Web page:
Wales’ 3-0 win over Russia in Toulouse meant the Three Lions dropped to second in the group, behind their neighbours.
Slovakia must now wait to see if they qualify as one of four best third-place teams after their goalkeeper Matus Kozacik pulled off a string of saves — some more luck than judgement.
The Slovakia shot-stopper was man-of-the-match and after the match he backed the England to progress past the last 16.
England will now play their last 16 game in Nice next Monday against the side who finishes second in Group F, with Hungary, Portugal, Iceland and Austria all still in contention.
“It’s disappointing that we had all the play and had all chances around their box, I can’t deny that, but we have players who can score goals and will score goals,” insisted Hodgson.
“Yet again, this is a game we should have won, because everything we did on the field put us in a position to win, but we didn’t use those corners and free-kicks to get the win.
“It’s a frustration myself and the players will have to live with.”
This was another night of opporunities missed for England fans in Saint-Etienne.
It was at the Stade Geoffroy Guichard where David Beckham was sent off as England lost to Argentina on penalties in the last 16 of the 1998 World Cup.
Prince William, who turns 34 on Tuesday, was in Saint-Etienne, sat next to FA chairman Greg Dyke who has said Hodgson will remain England manager — provided they reach the semi-finals.
Hodgson’s contract expires after Euro 2016.
The England boss boldly made six changes to the team, starting strikers Jamie Vardy and Daniel Sturridge, who both scored off the bench in the 2-1 win over Wales.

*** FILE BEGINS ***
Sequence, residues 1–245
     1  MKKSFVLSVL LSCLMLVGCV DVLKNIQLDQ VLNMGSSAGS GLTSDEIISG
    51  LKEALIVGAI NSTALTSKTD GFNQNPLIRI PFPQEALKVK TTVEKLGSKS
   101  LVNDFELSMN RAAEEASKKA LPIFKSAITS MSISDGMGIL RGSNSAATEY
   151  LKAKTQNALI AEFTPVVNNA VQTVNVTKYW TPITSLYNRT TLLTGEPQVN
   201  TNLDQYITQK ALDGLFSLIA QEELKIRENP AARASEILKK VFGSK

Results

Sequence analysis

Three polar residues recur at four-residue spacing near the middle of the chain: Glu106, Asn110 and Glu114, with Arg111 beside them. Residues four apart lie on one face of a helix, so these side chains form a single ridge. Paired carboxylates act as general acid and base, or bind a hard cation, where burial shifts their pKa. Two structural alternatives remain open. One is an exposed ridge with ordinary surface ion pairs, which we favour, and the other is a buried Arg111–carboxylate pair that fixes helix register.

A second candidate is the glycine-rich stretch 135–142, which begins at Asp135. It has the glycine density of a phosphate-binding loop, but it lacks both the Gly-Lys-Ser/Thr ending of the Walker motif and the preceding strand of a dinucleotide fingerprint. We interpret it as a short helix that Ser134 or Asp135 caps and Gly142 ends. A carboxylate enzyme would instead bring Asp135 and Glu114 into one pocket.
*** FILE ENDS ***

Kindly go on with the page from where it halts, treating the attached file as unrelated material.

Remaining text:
Hodgson left skipper Wayne Rooney among the replacements with centre-back Gary Cahill taking over the captain’s armband.
Slovakia coach Jan Kozak kept faith with the starting side which beat Russia 2-1 last Wednesday.
Dominance not enough
Vardy worked hard throughout, but squandered two clear chances of England’s nine first-half attempts on goal to Slovakia’s single effort.
He fired over early on, then had his shot blocked by Kozacik in a one-on-one after winning a sprint against Slovakia captain Martin Skrtel.
And only a fine tackle from right-back Peter Pekarik denied Sturridge at the near post in the opening 10 minutes.
Lallana was then denied by Kozacik’s reflex save with half an hour gone.
England’s frustration continued after the break.
A mix-up between centre-back Chris Smalling and goalkeeper Joe Hart allowed Slovakia winger Robert Mak a half-chance.
At the other end, only the slightest of deflections off Kozacik’s shoulder kept out Nathaniel Clyne’s shot.
There was a big cheer from travelling England supporters — the loudest of the night — when Wayne Rooney came on for Jack Wilshere with 56 minutes gone.
Dele Alli, on for Lallana, then saw his shot cleared by Skrtel after finding himself unmarked when he arrived in the area at pace.
Only England fans could be heard as the second half wore on, nosily urging the Three Lions on in search of the crucial goal which never came.
Rooney was a constant menace after coming on, firing wide as the game entered the final 10 minutes while Harry Kane, on for Sturridge, had a couple of late chances — all to no avail.
For Slovakia, a point was as good as a win and their players celebrated after the final whistle.
“To get a point against England is a huge positive,” said Kozak.
“I am glad to have four points, but we have to see how things progress and if we get through to the last 16, we’ll be really happy.
“We tried to attack, but the quality of the opposition, especially late on, meant we were deep in defence and couldn’t get out of our half.”